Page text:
Stray dogs, goats and cows munch the plastic waste as toddlers run around trying to retrieve footballs and water bottles.
India is the focus of World Environment Day tomorrow, but it is far from the minds of the long-suffering inhabitants of Taimur Nagar. "You can see how bad the conditions are here. It's completely choked with plastic," said Bhola Ram, shaking his head.
Taimur Nagar is one of many slums in Delhi and countless other cities struggling to cope with waste, particularly the plastic pollution that is the main theme of World Environment Day.
A plastic hell
But a sweeping look over Taimur Nagar underlines the challenges the country faces with its waste. India generates around 5.6 million tonnes of plastic waste annually, according to government figures, with Delhi among the worst cities for plastic consumption.
The capital banned plastic bags in 2009 and later expanded it to all plastic packaging and single-use disposable plastic.
But the ban is rarely enforced. Plastic bags are still the staple for carrying vegetables, fruit, meat and restaurant takeaways.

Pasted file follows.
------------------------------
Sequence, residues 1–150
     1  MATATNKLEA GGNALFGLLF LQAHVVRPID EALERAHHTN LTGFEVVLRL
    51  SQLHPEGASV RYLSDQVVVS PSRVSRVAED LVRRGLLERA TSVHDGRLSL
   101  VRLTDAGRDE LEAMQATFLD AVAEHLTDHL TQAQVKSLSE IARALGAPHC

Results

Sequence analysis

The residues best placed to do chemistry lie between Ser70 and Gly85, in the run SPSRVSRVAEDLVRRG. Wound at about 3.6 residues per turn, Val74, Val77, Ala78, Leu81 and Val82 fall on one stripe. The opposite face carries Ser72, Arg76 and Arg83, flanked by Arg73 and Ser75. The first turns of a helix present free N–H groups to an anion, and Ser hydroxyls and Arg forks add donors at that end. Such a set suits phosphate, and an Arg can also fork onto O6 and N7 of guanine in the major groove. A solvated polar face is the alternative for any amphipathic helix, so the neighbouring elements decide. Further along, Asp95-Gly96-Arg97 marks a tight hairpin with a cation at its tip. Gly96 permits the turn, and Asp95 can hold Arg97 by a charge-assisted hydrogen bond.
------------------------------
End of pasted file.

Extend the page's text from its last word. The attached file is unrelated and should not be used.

Taimur Nagar's residents know little of the hazards of non-biodegradable plastic to the water supply and the animals sat around. Used to the filth, residents say they are resigned to their fate.
"When I came here 40 years ago the drain had clean water. The area was not so dirty. But as more and more people started living here, things have gone worse," said Saroj Sharma, a mother of three.
In the rainy season, grimy water from sewers enters homes with families having to cope with the sludge and stench.
"My granddaughter keeps falling sick. All the children here frequently miss school because they are down with diarrhoea or malaria," said homemaker Birambati Devi as pigs feasted on a stinking garbage dump nearby.
Its insidious conditions tell a sorry tale of India's lopsided economic growth as well as decades of negligence, despite a pledge by Prime Minister Narendra Modi to clean up the country by 2019 when the Lok Sabha election will be held.
India, Asia's third-largest economy, had 14 of the world's 15 worst cities for dirty air in a recent World Health Organisation survey. Delhi improved its ranking to sixth from the most polluted city in 2014.
"I don't think the city will ever get cleaned. The conditions will never improve," said Sallu Chowdhary, who wore a black mask as he set out for college. "No one is serious about this problem, not even the locals who have to suffer every day."